The residents at Sue Ryder Neurological Care Centre Dee View Court in Aberdeen will be taking on the Kiltwalk to raise crucial funds for the centre they live in.
“There’s no doubt about it: the level of care here at Sue Ryder is higher than anywhere I’ve ever nursed."
Sue Ryder supported Ann Whyte though her Return to Nurse Practice qualification and she is now working as a Registered Nurse at our Sue Ryder Dee View Court Neurological Centre in Aberdeen. She looks back over her 30-year career and explains why Sue Ryder is such a special place to work.
Cream of Scottish musicians donate to auction in support of our Sue Ryder Dee View Court Capital Appeal
Scottish musicians Bobby Gillespie, Calvin Harris, Simple Minds, Annie Lennox, Sharleen Spiteri and DJ and producer Graeme Park have all donated auction prizes to fund the expansion of our Sue Ryder Dee View Court Neurological Care Centre in Aberdeen.
Legendary Aberdeen and Scotland goalkeeper Jim Leighton MBE is supporting our fundraising appeal to extend Sue Ryder Dee View Court, Scotland’s only purpose-built specialist neurological care centre.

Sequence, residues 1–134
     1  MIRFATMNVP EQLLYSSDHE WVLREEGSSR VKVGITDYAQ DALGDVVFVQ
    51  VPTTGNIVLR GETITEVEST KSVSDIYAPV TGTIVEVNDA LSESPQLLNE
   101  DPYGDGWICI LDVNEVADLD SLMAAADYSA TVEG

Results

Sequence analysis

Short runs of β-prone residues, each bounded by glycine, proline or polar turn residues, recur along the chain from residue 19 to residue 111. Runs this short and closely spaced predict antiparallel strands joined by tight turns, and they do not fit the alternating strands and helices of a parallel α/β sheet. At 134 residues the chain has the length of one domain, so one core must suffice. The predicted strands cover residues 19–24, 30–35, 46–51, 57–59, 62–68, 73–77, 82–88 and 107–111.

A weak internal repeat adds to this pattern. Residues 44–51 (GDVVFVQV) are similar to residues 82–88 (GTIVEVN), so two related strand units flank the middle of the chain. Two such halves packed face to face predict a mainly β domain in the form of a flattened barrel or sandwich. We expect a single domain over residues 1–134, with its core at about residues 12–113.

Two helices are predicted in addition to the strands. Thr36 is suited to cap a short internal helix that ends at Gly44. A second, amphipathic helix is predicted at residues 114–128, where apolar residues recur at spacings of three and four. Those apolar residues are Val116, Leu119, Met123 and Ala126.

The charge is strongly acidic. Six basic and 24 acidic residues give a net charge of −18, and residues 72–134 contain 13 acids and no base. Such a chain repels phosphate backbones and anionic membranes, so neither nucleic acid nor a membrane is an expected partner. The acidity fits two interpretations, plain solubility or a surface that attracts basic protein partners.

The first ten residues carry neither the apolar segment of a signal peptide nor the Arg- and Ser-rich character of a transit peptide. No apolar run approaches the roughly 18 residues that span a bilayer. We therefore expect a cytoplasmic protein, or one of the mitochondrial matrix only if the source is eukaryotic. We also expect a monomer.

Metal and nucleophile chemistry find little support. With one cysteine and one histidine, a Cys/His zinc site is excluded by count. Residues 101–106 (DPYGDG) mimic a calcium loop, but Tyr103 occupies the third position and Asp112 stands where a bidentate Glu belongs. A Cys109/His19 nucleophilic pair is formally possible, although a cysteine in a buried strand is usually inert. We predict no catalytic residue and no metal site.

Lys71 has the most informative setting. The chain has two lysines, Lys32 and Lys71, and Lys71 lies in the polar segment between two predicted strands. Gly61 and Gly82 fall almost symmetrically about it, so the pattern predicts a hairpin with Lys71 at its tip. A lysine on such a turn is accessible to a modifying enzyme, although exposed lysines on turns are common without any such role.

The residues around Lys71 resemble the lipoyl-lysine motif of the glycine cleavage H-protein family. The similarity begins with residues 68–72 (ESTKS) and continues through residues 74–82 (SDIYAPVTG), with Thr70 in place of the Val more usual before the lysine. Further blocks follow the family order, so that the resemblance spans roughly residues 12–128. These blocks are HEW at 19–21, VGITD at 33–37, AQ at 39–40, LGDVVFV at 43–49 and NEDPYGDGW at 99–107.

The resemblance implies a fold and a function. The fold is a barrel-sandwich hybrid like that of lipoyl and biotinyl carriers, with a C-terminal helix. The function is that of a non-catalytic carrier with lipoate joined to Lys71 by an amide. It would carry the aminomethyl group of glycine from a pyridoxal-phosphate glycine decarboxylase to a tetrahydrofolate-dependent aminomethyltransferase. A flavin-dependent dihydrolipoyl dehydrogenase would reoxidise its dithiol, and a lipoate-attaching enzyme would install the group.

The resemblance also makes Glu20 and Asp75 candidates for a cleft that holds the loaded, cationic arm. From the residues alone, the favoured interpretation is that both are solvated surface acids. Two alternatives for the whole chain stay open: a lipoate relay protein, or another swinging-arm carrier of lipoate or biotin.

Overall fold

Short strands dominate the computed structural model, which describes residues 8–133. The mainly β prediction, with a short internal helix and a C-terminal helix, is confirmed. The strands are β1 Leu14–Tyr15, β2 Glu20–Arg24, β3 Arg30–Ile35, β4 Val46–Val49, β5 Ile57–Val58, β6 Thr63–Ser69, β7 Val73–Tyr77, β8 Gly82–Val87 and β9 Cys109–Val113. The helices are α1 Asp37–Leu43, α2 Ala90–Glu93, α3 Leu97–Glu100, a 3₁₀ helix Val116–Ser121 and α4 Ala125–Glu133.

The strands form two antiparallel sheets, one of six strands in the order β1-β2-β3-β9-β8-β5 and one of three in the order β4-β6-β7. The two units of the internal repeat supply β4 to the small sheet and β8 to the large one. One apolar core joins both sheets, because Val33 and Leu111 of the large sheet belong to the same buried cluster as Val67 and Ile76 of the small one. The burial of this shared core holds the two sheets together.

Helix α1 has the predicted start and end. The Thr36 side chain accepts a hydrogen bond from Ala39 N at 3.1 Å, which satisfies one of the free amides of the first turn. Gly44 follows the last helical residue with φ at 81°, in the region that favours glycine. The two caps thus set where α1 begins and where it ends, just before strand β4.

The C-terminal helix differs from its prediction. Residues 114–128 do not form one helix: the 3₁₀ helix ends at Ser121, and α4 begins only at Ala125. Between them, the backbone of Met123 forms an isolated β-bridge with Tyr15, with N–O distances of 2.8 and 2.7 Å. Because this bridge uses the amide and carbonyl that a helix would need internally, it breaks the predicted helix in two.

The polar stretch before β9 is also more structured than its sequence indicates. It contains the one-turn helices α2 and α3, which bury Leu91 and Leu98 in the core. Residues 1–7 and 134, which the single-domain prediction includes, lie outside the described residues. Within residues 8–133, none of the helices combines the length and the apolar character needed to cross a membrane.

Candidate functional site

Tanya Robertson works at Sue Ryder Dee View Court Neurological Care Centre as a Care Assistant and is currently training to be a Nurse. Here, she describes why she loves working at Sue Ryder and is so excited for the future.
The Three Peaks challenge is a formidable one, and here Jacob talks tackling the hills to raise vital funds for our Dee View Court Capital Appeal.
We were delighted to welcome our regular blogger, Richard Littledale, as keynote speaker at the Sue Ryder annual lecture last week. The event was hosted by Rachel Reeves MP at the House of Commons and discussed the topic of bereavement.
“Initially, I thought no one could help me as no one could change what happened, but I’ve discovered that that isn't really the point of counselling at all.” Blogger Jess reflects on how, five years after her Dad’s death, counselling and therapy have helped her come to terms with her loss.
Bereaved people in Scotland are not receiving the support they need, according to new research commissioned by Sue Ryder and Hospice UK.
Containing analysis carried out by independent experts, the report shows that proactive care early in someone’s life, such as self-management support and advice or respite care, can save in the region of 30–50% annually when compared to reactive care, i.e. when someone’s health requires urgent care.